4 Hours Later…

.. the simple process of attaching the new plate to the pinion carrier, was still work in progress. The holes for the 6 bolts were just a swire too big – no good for a propshaft – so I turned up a couple of over-sized pins, pressed them into the new plate and took a shave out of the holes in the carrier end to accommodate them.


The plate didn’t quite go all the way home so an encouraging tap was administered. This knocked the end float in the carrier out of kilter (indicating that I hadn’t got the assembly and adjustment sequence quite right so it was just as well) and, in taking it all apart to reset it, the tab washer broke and I’m blowed if I can be bothered to make another one. Maybe I could salvage one from a spare carrier? No, they’re all seized solid. So I’ll have to drill and wire-lock.


And in drilling for the wire-locking I went ahead without thinking and put the holes on the wrong side of the flat; they should be on this side…


… because the two surfaces abut and would crush the wire or not tighten up properly. What a blinkin’ circus! Here’s the finished job..


Next stop, the propshaft itself. I trimmed the old Morris Six one to size by taking a good 18″ out and then removed the yoke from the surplus to re-weld in the shortened end. I was able to tidy it up in the lathe and preserve the original flange for centring.

Propshaft yoke

Then the UJ’s… every cap went on perfectly except the last (and the flying circlip will turn up in 3 years time) but I was quite pleased and decided I must be getting the hang of it; 1 in 8 is pretty good. And then I set about the tank. The sump had a few holes in it and one of the rims was perforated but the rest seemed serviceable. Well, the sump would have to come off for the repairs and that would give me the chance to have a proper look inside.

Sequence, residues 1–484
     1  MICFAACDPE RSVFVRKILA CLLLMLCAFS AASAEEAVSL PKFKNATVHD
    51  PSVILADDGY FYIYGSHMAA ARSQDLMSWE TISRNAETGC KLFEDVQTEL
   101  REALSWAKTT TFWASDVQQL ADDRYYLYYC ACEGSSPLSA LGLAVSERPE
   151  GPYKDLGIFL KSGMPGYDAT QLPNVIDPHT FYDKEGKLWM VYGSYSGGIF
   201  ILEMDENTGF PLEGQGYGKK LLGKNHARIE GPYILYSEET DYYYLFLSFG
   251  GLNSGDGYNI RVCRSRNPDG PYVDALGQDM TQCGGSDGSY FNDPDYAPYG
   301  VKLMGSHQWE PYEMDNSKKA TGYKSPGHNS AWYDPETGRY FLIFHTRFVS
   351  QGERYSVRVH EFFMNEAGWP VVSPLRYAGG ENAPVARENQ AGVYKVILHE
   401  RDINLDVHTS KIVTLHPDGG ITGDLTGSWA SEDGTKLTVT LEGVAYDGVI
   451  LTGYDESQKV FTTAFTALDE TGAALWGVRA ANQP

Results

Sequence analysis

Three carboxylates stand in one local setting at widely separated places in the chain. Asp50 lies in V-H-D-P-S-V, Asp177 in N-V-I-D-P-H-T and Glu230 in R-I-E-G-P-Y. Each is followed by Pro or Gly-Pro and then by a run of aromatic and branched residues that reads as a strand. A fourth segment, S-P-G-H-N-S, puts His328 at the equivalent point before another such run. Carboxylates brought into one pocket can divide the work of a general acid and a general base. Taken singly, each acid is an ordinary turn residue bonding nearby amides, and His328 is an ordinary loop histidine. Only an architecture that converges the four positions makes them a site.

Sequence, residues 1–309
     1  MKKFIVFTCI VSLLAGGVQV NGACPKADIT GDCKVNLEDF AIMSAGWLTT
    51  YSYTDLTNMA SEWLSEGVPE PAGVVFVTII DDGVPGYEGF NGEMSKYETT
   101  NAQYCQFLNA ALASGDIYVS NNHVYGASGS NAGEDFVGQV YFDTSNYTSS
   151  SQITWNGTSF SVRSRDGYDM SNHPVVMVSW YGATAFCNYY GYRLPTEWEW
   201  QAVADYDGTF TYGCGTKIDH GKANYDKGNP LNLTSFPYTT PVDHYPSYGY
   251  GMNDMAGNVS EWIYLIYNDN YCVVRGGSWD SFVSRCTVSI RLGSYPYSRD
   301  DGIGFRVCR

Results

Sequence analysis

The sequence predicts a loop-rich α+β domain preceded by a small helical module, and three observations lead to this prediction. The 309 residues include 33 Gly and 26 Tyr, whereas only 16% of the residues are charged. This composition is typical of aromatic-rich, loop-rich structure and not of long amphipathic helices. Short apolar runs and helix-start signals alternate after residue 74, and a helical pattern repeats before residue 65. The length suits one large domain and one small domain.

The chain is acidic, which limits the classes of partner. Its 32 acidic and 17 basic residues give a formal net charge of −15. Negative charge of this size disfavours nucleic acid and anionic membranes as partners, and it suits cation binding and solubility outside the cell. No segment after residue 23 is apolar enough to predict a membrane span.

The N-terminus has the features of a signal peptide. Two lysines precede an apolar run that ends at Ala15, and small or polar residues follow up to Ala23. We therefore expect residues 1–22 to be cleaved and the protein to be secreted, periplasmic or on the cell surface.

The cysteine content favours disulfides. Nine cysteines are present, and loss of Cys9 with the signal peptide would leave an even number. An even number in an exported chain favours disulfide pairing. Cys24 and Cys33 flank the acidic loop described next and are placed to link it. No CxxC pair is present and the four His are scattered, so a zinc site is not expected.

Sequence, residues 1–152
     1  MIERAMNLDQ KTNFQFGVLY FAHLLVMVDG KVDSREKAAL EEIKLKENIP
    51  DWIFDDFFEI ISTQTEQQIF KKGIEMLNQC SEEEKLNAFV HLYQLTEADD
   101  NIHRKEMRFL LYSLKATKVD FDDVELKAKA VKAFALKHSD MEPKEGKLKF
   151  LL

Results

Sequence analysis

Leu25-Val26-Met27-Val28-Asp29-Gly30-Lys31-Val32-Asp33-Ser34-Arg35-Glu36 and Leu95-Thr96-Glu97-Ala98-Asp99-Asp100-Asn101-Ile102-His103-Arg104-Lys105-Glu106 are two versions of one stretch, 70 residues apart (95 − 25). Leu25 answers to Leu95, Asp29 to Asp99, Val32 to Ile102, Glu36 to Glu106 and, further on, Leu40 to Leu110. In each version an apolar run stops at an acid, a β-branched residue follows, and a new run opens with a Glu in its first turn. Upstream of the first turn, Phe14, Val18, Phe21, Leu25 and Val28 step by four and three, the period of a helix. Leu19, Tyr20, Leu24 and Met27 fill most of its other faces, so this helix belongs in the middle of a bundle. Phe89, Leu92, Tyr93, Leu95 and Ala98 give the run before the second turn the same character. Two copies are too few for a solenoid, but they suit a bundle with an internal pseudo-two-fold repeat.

Fuel tank sump

I didn’t much like what I saw so, after a brief tech meeting with Learned Counsel, the upshot was that it would be quicker and easier to roll a new tank and whack in the baffles and end plates from the old one and with the aid of my flame thrower (the tank hasn’t had petrol in it for 70+ years but I still had one eye on the door) I took the lot to bits and now have a kit of parts for the new tank.

Kit of parts

I’m going to do away with the sump and just install a drain plug – I know it’s not quite like it was but it’s a lot of fuss shaping up a new sump and it’s just another thing to leak.

And finally, I addressed the silencer. After much thought, I’ve decided not to have a selectable exhaust system – noisy or quiet – because again, it’s just too much messing about and the only time I’d open it up to straight through would be to roar through the tunnel at Monte Carlo – I can always tweak the silencer to give it a sporting note at near full chat if I want to. So I’ve got another kit of parts – except the end plates which I haven’t got round to just yet – ready for welding.

Silencer parts

That turned out to be quite a long day.


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